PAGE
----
Also, what is the best way to do this “soak” method that I hear about. Do I just plug the barrel somehow, then put the barrel vertically and fill it to the brim with kroil or something? How do I further clean it?

I seee someone mentioned these: https://www.big45metalcleaner.com/

Avatar
NY
Posts: 6168
January 2, 2023 - 5:31 pm

10sp_QuotePost

RickC said
This stuff has helped in the past with some bores.

https://www.hps-tr.com/en/wipeout-cleaning-products

  

However good this may be for ordinary bore fouling, if leading is the problem, I’ve yet to find a solvent that alone will remove it, because lead is almost inert, chemically.  If there was, there wouldn’t be a need for gadgets like the Lewis Lead Remover, which is very effective, but not made in bore sizes as small as .30.  One of the few substances that will dissolve lead is liquid mercury, & I used to have a small bottle of it for that purpose, lost during one of my many moves; thanks to Big Brother EPA, I’ll never be able to replace it.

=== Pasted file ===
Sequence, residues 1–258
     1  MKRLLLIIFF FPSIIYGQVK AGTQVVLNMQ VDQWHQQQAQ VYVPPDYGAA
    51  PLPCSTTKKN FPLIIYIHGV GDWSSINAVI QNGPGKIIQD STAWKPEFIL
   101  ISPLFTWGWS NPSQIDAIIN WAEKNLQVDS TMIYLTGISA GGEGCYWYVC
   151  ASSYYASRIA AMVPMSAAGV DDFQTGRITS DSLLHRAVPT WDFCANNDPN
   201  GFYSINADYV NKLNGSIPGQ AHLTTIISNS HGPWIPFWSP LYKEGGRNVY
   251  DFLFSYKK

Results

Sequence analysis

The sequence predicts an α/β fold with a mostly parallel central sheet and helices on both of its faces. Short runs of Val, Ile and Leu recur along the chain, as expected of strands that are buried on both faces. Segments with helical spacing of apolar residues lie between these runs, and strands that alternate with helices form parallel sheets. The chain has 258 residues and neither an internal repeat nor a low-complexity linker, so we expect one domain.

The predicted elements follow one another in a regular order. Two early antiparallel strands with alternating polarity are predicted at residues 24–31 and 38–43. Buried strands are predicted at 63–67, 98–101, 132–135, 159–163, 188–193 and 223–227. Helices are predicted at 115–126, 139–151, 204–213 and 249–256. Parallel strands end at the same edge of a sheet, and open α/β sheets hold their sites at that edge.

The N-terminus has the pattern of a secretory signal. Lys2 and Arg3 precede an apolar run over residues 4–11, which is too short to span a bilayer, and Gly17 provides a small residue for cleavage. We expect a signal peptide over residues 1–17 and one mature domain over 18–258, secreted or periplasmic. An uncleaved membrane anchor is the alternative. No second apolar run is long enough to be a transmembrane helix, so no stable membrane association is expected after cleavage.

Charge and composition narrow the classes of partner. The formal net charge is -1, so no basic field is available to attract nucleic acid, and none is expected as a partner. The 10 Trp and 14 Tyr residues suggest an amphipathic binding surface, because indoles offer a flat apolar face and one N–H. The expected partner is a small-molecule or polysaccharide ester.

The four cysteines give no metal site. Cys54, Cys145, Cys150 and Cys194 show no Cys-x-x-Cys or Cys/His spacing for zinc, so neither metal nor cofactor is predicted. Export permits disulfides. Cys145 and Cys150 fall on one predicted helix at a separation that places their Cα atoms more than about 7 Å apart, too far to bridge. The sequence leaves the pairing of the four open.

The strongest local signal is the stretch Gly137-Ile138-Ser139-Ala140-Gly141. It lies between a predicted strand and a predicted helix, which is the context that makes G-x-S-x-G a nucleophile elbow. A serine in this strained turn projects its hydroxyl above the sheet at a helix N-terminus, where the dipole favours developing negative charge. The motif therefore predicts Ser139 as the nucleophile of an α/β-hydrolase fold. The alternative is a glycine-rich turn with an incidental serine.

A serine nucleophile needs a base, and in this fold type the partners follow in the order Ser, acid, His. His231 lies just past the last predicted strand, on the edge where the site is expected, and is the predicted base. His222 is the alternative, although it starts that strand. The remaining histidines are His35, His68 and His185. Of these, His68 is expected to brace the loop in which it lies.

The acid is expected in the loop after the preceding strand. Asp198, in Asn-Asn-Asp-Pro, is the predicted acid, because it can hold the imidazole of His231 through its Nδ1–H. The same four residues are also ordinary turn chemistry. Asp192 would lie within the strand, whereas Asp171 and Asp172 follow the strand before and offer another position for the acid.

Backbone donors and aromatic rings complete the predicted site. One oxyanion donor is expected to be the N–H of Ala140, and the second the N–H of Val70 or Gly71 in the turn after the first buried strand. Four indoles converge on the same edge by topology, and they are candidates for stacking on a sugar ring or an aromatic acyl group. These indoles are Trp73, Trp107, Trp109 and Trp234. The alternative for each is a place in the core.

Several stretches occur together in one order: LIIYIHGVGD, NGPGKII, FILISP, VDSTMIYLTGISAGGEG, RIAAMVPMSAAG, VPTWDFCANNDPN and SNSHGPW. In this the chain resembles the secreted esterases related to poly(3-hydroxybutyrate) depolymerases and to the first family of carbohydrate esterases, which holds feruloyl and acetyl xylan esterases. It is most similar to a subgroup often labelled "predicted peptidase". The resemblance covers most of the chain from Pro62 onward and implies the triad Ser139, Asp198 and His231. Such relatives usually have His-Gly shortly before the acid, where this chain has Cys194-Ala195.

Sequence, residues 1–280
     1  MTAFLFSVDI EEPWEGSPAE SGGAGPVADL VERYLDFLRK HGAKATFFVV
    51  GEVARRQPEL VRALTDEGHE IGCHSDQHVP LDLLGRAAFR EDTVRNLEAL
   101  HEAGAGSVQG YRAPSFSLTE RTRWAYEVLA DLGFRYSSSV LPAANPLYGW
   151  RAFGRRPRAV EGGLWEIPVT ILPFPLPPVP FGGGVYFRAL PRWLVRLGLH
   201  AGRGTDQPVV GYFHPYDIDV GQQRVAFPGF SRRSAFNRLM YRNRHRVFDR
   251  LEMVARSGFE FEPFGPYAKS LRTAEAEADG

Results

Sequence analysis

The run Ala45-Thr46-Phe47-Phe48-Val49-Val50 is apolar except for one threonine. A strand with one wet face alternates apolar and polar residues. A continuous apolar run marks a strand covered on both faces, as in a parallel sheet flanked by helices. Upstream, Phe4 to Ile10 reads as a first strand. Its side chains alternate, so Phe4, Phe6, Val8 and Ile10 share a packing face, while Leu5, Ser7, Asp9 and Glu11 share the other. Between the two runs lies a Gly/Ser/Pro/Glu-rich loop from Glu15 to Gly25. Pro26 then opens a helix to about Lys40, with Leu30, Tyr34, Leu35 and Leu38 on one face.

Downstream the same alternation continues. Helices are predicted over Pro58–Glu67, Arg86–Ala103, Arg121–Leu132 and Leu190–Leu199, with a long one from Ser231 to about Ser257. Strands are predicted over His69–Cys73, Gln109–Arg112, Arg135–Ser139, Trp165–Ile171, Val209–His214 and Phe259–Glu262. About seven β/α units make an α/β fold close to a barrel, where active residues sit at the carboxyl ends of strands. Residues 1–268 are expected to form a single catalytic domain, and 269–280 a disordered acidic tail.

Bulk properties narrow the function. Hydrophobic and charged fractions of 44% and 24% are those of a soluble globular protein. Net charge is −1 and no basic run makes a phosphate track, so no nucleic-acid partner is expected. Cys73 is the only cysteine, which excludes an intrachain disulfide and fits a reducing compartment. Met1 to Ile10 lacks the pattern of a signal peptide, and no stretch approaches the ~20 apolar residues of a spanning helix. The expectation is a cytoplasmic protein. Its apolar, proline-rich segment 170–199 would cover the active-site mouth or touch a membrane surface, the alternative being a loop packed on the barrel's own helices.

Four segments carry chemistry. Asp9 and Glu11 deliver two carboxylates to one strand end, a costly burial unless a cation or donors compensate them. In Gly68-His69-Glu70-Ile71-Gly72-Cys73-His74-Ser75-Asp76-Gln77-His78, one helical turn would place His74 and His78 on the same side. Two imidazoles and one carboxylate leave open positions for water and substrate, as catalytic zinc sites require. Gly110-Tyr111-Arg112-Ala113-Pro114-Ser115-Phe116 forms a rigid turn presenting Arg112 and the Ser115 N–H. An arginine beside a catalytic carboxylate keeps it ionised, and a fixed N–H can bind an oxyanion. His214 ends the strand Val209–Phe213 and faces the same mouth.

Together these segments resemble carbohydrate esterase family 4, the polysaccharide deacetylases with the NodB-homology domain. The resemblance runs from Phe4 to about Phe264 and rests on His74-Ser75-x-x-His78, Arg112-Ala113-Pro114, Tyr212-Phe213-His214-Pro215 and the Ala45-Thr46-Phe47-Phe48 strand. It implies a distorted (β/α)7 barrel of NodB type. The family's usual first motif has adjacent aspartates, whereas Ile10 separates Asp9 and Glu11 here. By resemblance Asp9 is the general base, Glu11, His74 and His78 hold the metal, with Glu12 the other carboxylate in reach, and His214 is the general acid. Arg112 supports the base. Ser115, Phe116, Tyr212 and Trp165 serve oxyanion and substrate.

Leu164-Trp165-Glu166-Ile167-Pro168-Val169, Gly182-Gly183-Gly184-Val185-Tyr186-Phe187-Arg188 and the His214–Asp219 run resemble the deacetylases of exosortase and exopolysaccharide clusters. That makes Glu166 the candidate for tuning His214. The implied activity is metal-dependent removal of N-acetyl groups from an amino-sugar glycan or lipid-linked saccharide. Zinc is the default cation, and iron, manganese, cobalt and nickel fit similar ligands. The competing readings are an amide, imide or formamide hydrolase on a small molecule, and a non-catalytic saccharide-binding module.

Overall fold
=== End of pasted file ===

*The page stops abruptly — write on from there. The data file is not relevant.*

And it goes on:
Avatar
South Texas
Posts: 1041
January 2, 2023 - 5:40 pm

11sp_QuotePost

I agree with mvcrs & Bert, shoot the 170 grain jacketed bullets, they will likely work best unless you cast your own (a gas check bullet like Mike mentioned would be preferred).  Not sure how much more cleaning will have much of an effect from what I can see.  The bore looks pitted but rifling looks like it goes out to or near the muzzle.  As Mike mentioned as well, even a poor bore will surprise you as to how well they will shoot.  Would definitely not reline the barrel as others have mentioned. 

In one of the photos you posted above, it looks like the magazine tube could be screwed in a turn or two to engage the inlet on the underside of the barrel–not sure if it was screwed out when you took the photo.